The most recent plan and budget were submitted in August 2008. The state has responded to this proposed NBPB with a tentative allocation for the City for FY10 that is $40 million less than the State’s revised certified FY09 allocation and $69.2 million less than the City’s projected expenditures for FY09 (and less than the amount actually spent in FY08). In its response to the City’s proposed FY10 NBPB, OCYF removed key programs from the NBPB process and allocation and placed them into separate special grants programs. These funds, taken from the child welfare line in the State budget, lower the amount available for the NBPB, and leave these grants to the discretion of the Deputy Secretary of Public Welfare. This action reduces the base funding level in Philadelphia’s budget and eliminates the due process built into the NBPB law and regulations.
The dollars that the state and City use to support needed services for children who are part of the DHS child welfare system, for programs such as Out of School Time/After School programs, come from a number of sources. One of the largest is Act 148, the State’s primary source of funding for the needs-based budget. The State’s FY10 tentative state Act 148 allocation is $381.1 million, which is $20.4 million less than the FY10 projected need in Act 148 funding. Because the City pays approximately 20% of the cost of child welfare, the City would have to cut approximately $25.5 million in services to children and families to make up for the shortfall.
The Department of Behavioral Health and Mental Retardation Services receives 99% of its funding through the Commonwealth. The Department provides services ranging from hospitalization or residential placement for treatment of behavioral health issues to case management and other community supports, with a focus on prevention, wellness and self determination.
Due to the large proportion of State dollars supporting these services, any decrease in the Commonwealth’s budget has a direct impact on services in Philadelphia. For FY10, the Department anticipates a decrease in State dollars, based on the Governor’s proposed budget. The decrease may affect community services to people with mental illness and substance abuse issues.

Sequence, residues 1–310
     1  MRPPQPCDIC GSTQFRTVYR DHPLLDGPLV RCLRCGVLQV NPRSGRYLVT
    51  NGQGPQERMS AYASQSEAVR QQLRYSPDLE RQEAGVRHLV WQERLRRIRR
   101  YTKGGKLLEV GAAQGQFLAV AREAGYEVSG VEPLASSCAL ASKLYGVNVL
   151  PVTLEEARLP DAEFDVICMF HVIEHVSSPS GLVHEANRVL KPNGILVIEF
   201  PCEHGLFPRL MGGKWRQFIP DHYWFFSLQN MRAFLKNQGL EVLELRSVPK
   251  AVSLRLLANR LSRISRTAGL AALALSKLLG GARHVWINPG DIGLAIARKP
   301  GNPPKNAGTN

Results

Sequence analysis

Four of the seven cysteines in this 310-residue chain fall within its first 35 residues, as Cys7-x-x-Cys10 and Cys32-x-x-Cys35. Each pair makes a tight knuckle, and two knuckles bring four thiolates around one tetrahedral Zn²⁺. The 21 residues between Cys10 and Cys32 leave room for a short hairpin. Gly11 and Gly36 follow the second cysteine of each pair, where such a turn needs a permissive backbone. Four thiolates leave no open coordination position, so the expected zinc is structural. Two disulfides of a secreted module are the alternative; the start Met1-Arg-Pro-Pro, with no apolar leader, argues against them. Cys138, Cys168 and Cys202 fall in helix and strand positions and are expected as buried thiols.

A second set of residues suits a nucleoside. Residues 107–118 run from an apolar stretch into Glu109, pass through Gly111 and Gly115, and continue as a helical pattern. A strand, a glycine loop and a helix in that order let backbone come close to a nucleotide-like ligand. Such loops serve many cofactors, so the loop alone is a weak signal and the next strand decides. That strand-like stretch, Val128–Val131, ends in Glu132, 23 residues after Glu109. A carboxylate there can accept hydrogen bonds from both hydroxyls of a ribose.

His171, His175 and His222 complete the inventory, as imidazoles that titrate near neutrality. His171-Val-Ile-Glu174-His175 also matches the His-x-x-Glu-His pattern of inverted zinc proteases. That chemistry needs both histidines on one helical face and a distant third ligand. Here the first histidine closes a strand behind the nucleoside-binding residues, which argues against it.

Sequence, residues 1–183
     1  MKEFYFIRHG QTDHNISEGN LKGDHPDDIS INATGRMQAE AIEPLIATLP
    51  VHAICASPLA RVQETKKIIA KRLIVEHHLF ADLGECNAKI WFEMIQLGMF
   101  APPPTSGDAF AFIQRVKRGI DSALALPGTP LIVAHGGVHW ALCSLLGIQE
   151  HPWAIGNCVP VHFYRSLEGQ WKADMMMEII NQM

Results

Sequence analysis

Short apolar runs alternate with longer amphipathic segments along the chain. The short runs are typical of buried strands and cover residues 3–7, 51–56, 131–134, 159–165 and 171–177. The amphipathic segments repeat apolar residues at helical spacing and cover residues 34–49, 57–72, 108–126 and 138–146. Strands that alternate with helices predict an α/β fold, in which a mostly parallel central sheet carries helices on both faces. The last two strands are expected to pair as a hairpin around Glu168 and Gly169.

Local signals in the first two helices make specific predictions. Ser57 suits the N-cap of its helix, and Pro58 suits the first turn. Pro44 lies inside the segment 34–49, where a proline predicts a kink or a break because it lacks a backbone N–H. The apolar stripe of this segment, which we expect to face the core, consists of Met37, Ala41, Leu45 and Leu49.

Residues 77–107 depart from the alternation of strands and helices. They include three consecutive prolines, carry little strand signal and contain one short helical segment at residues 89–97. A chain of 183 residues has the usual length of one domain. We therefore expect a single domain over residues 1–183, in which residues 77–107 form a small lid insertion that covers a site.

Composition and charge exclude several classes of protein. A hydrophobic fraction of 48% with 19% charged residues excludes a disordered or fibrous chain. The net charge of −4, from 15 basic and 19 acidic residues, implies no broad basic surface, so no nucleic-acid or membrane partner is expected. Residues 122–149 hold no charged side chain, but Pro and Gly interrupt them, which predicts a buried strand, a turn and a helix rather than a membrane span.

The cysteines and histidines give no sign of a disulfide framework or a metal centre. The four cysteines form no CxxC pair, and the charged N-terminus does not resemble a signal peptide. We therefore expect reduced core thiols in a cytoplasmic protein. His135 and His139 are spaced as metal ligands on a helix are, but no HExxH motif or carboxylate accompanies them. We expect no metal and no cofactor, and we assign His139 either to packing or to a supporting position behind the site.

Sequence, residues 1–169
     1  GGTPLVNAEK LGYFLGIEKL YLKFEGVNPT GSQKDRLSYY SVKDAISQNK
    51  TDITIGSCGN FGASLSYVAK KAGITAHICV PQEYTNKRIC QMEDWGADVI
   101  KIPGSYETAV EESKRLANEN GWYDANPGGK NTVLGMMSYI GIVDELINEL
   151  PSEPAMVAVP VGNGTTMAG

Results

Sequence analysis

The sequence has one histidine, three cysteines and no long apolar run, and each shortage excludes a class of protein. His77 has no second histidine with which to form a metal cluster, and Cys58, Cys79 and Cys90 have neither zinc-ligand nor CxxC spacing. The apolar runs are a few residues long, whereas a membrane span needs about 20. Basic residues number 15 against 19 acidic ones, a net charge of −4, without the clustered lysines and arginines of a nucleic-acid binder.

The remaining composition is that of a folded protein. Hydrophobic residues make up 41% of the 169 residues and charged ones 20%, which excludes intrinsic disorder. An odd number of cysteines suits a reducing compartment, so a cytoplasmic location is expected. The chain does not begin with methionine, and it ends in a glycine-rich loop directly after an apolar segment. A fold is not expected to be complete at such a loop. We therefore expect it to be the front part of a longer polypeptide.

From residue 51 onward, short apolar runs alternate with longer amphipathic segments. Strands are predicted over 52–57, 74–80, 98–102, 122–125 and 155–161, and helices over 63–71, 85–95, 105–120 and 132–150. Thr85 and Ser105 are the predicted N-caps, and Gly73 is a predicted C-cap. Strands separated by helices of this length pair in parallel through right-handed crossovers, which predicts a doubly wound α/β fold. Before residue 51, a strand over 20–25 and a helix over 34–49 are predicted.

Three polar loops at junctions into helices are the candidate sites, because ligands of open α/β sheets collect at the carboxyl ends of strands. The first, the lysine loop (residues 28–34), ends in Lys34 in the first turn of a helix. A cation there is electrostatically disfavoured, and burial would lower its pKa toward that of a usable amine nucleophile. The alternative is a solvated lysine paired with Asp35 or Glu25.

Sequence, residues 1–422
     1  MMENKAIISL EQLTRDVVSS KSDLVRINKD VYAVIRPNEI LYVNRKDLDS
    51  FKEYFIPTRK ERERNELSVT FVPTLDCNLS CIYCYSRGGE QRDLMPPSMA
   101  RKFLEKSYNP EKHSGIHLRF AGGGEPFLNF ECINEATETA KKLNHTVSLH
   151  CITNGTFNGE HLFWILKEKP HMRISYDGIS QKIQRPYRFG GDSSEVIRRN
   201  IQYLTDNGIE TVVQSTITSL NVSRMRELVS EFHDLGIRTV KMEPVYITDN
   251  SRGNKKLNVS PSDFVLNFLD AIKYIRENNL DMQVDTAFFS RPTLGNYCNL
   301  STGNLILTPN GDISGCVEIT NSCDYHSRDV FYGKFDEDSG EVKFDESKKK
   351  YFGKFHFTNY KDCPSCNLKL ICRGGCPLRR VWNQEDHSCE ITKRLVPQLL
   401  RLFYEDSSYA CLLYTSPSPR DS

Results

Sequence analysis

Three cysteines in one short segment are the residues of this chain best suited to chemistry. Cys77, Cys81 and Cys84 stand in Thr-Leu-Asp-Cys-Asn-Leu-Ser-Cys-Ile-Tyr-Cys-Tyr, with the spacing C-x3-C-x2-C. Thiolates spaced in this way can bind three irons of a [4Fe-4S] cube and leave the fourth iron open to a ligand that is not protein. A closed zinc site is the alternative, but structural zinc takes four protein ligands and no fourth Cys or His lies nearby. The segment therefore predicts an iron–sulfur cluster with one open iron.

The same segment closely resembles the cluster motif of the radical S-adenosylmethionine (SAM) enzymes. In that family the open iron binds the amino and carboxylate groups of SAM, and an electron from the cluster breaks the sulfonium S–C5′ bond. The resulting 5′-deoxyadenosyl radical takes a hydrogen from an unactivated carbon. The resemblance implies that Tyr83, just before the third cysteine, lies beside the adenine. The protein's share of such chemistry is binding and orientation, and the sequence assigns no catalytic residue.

Of more concern, is a proposal by the Department of Public Welfare to reduce the amount of risk and contingency reserves allowed to be held by counties for Medical Assistance behavioral health services. If the State reduces the amount of the counties’ reserves, this may affect the City’s ability to fund programs for people without health insurance.
These dollars support a variety of programs developed in support of the Mayor’s Homeless Strategy including 55 safe haven beds as well as case management services to individuals living on the streets and in the shelter system. These supports provide a first step for individuals ready to stop living on the street and ongoing social services that allow individuals to sustain permanent housing.
The Department’s transformation initiatives are also supported with reinvestment funds. These include programs established in the community as alternatives to traditional treatment. Programs like this allow individuals to drop-in and connect with other community resources and engage with peers in their fight against addiction. These dollars also fund a program to support the treatment system through intensive training and clinical support for staff in the delivery of cognitive therapy (an evidenced-based practice).
The second key area of investment is the $12 million in support of the Behavioral Health Special Initiative (BHSI) program. Without the ability to continue to utilize reserves in excess of 45 days (the current standard), the City would lose the ability to provide services to about half of the approximately 10,000 individuals (many of them people waiting to be approved for medical assistance or not in the HealthChoices plan) currently supported through BHSI programming.